Introducing one of our Imaginarium facilitators, Mr Daniel Kaars


The Imaginarium is a place where gifted girls are encouraged to develop their gifts and interests through a diverse range of courses. Courses are open to gifted girls from any school throughout Western Australia, and are held after school and during the holidays.

I’d like you to meet Mr Daniel Kaars, who will facilitate our Space Engineering course during the October holiday break. Daniel is a former engineer who has worked on a range of very interesting projects over the years. He transitioned to teaching and has worked at Perth College for more than a year now as a Year 6 teacher, and also facilitates after-school STEM clubs.

Daniel’s character strengths are curiosity, creativity and fairness. When asked how his character strengths enhance his role as an educator he says, “I think most students are curious, so I feel I can appeal to their sense of wonder about new topics and help them to dig deeper.” A range of topics stimulate Daniel’s curiosity including:

  • How artificial intelligence will make life easier for people doing mundane tasks and what jobs will become automated in the future;
  • Space and where humans will be in 100 years, including how we will build transport to get there;
  • Nutrition and health – what foods extend a healthy lifestyle and how we can use hormesis to our advantage;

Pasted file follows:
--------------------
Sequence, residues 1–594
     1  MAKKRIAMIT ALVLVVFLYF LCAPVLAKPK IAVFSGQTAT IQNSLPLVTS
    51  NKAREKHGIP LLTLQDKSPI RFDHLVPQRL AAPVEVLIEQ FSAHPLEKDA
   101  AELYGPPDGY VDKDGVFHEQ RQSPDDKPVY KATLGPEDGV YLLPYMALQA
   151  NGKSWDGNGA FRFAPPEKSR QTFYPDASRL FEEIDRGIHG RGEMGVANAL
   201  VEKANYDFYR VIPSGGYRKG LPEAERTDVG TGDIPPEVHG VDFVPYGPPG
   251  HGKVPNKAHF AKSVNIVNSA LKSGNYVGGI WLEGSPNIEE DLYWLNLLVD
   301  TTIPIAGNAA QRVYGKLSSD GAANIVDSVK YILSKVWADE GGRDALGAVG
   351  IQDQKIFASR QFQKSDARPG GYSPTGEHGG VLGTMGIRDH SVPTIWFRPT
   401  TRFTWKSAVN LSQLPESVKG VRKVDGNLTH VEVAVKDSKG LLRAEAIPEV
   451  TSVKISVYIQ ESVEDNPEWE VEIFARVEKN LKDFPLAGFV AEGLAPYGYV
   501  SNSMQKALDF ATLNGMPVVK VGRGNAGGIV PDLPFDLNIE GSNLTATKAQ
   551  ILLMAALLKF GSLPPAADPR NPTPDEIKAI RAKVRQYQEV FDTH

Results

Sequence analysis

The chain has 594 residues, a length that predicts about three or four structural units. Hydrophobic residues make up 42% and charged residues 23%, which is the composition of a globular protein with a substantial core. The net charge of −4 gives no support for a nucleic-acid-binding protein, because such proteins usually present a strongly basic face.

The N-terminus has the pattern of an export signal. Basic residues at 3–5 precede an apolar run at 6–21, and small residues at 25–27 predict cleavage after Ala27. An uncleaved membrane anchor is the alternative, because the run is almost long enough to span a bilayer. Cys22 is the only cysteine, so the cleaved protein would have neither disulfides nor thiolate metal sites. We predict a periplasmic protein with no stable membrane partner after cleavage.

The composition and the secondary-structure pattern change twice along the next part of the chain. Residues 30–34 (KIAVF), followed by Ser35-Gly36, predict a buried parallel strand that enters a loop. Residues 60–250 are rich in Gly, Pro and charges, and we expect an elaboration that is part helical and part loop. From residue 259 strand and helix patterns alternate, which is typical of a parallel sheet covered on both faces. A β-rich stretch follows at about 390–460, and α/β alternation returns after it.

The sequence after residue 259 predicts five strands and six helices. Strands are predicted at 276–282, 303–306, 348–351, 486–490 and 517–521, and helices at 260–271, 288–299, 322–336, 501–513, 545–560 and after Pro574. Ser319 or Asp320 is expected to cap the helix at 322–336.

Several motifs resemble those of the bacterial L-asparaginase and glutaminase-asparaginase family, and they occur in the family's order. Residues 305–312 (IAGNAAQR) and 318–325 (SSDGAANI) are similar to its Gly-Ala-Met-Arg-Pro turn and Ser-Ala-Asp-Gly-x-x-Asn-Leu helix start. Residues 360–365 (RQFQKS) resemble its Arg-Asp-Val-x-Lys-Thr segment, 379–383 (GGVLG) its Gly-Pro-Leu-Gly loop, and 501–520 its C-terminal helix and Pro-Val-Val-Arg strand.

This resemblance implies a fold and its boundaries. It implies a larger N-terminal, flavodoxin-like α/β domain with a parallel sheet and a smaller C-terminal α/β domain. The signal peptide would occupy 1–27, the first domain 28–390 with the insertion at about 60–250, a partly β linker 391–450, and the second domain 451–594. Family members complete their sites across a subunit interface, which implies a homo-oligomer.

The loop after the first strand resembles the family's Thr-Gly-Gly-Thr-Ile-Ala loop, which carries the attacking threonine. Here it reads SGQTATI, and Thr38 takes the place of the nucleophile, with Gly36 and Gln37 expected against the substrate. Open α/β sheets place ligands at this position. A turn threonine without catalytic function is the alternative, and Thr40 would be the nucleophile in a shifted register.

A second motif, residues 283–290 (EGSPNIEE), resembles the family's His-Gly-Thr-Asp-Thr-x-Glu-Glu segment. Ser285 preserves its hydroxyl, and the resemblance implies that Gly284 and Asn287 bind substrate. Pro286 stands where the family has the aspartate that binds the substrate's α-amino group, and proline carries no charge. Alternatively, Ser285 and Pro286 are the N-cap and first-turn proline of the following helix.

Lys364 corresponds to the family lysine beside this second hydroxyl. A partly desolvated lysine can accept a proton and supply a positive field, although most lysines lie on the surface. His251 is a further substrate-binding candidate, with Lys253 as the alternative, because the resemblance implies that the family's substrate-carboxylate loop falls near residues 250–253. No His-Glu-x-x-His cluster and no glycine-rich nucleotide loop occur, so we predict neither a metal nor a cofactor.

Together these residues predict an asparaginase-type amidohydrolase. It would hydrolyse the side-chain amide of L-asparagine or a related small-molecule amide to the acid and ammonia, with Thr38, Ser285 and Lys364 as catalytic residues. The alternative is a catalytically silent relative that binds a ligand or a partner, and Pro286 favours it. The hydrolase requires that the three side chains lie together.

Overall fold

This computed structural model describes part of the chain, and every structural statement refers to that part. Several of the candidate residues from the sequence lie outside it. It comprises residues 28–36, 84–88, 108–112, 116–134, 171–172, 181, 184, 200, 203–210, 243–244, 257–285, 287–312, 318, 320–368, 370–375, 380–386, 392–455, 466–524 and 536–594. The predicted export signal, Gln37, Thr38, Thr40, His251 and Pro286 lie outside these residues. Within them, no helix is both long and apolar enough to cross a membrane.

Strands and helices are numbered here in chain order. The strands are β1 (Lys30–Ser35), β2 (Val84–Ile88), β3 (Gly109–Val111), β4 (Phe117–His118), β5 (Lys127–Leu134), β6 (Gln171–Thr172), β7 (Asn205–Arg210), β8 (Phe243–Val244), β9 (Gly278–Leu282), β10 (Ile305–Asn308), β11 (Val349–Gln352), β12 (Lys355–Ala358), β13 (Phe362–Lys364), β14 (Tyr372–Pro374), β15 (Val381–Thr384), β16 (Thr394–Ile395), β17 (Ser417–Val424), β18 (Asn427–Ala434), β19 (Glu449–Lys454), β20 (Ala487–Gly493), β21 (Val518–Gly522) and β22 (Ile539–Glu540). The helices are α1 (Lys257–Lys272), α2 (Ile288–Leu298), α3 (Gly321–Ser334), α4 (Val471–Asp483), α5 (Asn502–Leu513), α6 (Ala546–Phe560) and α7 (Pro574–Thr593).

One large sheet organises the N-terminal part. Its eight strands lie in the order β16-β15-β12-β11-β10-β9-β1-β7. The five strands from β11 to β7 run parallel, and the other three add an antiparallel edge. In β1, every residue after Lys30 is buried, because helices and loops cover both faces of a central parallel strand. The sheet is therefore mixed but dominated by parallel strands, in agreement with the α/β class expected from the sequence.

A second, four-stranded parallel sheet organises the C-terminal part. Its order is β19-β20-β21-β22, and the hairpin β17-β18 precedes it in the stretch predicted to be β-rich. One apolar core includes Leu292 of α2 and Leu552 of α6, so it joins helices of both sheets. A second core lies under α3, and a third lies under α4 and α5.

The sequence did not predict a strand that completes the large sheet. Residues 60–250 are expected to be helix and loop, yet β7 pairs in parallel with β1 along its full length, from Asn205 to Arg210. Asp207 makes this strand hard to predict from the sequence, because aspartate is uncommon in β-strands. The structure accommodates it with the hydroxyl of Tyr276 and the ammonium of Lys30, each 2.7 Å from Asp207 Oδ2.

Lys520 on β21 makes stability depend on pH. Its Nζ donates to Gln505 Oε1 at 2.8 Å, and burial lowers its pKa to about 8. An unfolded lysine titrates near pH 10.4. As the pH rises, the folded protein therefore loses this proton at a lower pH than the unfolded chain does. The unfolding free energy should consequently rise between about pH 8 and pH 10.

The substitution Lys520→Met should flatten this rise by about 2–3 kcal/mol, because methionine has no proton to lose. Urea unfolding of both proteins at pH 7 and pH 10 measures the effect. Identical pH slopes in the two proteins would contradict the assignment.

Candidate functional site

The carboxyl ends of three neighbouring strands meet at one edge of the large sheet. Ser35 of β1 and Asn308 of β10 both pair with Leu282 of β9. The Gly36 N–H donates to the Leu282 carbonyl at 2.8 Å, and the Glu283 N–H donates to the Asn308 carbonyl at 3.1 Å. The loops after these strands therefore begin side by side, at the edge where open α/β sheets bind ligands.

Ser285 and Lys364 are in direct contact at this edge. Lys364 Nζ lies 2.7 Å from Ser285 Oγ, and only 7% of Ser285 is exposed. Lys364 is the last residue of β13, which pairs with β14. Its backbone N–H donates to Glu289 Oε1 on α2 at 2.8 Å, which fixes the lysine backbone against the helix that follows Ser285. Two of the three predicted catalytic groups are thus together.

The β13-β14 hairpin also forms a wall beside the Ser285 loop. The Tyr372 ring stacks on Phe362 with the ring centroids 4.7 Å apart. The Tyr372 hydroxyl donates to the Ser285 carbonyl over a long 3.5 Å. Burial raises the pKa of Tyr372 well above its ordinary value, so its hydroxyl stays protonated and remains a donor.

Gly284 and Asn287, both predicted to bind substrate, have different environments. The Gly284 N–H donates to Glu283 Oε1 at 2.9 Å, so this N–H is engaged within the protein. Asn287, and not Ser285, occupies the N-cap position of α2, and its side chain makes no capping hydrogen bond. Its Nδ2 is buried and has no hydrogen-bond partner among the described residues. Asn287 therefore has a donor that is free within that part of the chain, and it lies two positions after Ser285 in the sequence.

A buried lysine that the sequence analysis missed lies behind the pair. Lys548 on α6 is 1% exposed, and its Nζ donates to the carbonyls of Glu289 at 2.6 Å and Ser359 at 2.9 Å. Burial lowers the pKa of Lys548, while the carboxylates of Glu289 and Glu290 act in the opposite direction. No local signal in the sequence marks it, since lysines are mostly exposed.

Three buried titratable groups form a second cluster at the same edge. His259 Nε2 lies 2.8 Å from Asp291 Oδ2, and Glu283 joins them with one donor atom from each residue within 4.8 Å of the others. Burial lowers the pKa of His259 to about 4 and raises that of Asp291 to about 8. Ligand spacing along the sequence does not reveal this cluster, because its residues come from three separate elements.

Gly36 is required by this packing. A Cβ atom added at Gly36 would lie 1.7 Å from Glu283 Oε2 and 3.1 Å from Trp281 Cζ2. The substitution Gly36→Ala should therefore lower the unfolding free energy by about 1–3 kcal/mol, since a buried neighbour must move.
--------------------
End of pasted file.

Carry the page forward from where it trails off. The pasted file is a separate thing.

• Gamification and its role in teaching; and
  • Nature – cloud formations, bird watching, and finding the best form of clean energy.

During his time as a mechatronics engineer, Daniel worked on ABB robotic arms, programming them for various applications in factories around Perth. He has designed front-end loaders for tractors and a number of other agricultural products. Daniel has also designed facial masks for people with sleep apnoea whilst working for ResMed, a Sydney-based company. He has lived in a range of countries, most recently China.

Identifying an experience while working overseas for ResMed that still resonates with him today, Daniel said, “I had to troubleshoot various problems with tooling (the mould you make all of your parts from) in the manufacturing base in Shanghai. A lot of engineering is just like that – quickly figuring out what the problem is and then designing a quick and workable solution.”

Our Space Engineering course this holiday break is an opportunity for gifted girls to think outside the box and challenge themselves. They will learn new things about space engineering, employ gamification to think critically and creatively to solve problems, explore areas they are curious about and apply this to a deep-thinking engineering design challenge. Daniel is looking forward to pushing his own limits of knowledge in the field of space and seeing the approach the students take when tackling difficult and exciting design problems.